Stringing Basics

Beads strung on a cord—what could be simpler? While they can be strung in any order that pleases the stringer. figure 1 illustrates some common designs.

BEADING BOARD

While not essential, an inexpensive beading board is extremely useful. It allows you to lay out a single- or multistrand necklace with precision, holding the beads In place and Indicating where each one will fall on the finished piece. In its absence, lay the Deads out on a towel.

Making a Continuous Necklace

If a necklace is at least 24 inches (61.5 cm) long— long enough to go over your head—its ends can be

A BEADING BOARD FOR singled MULTIPLE STRANDS

joined without a clasp. Select strong, goodqual bead thread that knots easily and well.

1 Cut a piece of thread twice the length of the ( ished necklace plus 8 inches (20.5 cm) and stn it on a beading needle. Wax the thread and d it, but don't knot it. Tape or clip the tail ends so beads won't fall off.

2 String the beads for the necklace.

3 When the beads are strung, leave the first die on the thread. Add another needle onto the threads, taking both through the eye.

4 Cross-thread the beads—that Is. take each die through a few beads on the opposite end.

FIGURE i

5 ' ••■■'■ i l l to the necklace between two beads, istng a double knot. See Figure 2.

6 " ii'?'id(e through a few more beads and k'Wt again, Repeat if desired.

7 [:,.i |:. rn • .vith bead cement or clear nail pol a» II poisiole. use a large needle to nudge each ww mio tne noie of an adjacent bead.

MUUISTRAND NECKLACES

Tl'ere are various .vays to make a necklace (or Uaceletl of several strands.

Spacers and Multistrand Clasps

ValBble in a variety of materials, spacers are rigid tas with two to five holes. Thread a strand of Deaiii through each hole, and the spacer will hold them in the righl order. Clasps are available with multiple loops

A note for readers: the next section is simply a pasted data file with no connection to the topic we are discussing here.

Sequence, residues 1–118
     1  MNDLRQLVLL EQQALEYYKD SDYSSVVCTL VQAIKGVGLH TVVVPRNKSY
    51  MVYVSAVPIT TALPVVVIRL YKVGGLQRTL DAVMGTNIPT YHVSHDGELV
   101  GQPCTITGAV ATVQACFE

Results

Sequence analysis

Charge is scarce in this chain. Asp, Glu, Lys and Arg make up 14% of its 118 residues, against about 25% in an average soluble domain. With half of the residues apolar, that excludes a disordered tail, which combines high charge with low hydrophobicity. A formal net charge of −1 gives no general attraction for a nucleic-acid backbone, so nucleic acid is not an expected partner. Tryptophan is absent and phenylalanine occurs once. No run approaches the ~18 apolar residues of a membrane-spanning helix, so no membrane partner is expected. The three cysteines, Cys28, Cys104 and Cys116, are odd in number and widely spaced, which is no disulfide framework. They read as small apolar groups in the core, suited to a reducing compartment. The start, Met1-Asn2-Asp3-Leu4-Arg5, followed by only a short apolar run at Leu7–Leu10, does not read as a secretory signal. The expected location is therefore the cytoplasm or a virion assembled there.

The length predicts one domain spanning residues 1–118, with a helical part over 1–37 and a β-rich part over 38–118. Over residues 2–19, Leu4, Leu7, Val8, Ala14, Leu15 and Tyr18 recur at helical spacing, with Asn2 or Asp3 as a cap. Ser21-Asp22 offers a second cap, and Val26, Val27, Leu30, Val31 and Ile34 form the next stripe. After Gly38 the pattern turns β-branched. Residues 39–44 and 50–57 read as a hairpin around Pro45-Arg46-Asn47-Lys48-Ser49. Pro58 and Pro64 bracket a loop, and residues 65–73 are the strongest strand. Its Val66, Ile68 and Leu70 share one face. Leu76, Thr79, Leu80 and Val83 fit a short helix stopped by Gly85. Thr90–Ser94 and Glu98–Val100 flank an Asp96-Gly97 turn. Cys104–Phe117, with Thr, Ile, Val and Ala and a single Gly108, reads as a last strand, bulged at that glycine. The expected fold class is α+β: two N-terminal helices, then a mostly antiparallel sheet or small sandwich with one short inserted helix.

Using Cones

Cones are a distinctive and attractive way to finish

si'. ver spacers from SRI LANKA

FIGURE 2

a multistrand necklace. Just be sure that the beads at each end are small enough to fit Into a cone.

1. Select a large eye pin. To make your own, cut a piece of 20- or 22-gauge wire about 1-1/2 inches (4 cm) longer than the cone and make a loop at one end of the wire, using round-nose pliers.

2. Tie the bead threads onto the wire loop, using a secure double knot. Trim the thread ends and add a dab of bead cement to the knot.

3. Thread the cone onto the wire, covering both the knot and the loop of wire. See Figure 3.

4. Make a loop in the remaining wire end. twisting

FIGURE

si'. ver spacers from SRI LANKA

the wire around itself two or three times Trim the wire end. Attach the loop to a jump ring or clasp.

LONG STRAIGHT FRINGE DESIGN M A R V YOUNG SMITH I

VARIABLE-STRAND NECKLACES

A necklace that alternates between a single strand and multiple strands is nifty-looking and comfort able; there's only one strand of beads at the back of your neck. Large-holed beads are essential.

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Cut as many pieces of thread as the maximum number of strands that the necklace will have— let's say six. Thread all six pieces of thread onto a large-eyed, twisted-wire needle, and tape or clip the ends so the beads don'l fall off. Treating the six threads as one. string on the beads for the left-hand single strand.

When the single strand is as long as you want it, remove the threads from the needle. Add a needle

VARIABLE STRAND

m f c k i ace 10 each Piece of thread. (Since each needle will hold only one thread, smaller-eyed, rigid needles design sarah k v o u n g W'H fine- If the beads are small, they're essert-

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LONG STRAIGHT FRINGE DESIGN M A R V YOUNG SMITH I

Ual.) String beads onto each separate thread until the multiple strands are as long as you want them, J

Remove the six needles from the threads. String aft if six threads onto the twisted-wire needle. Again treating the six threads as one. string the beads fori the single strand on the right side of the necklacej Add a clasp.

MAKING FRINGE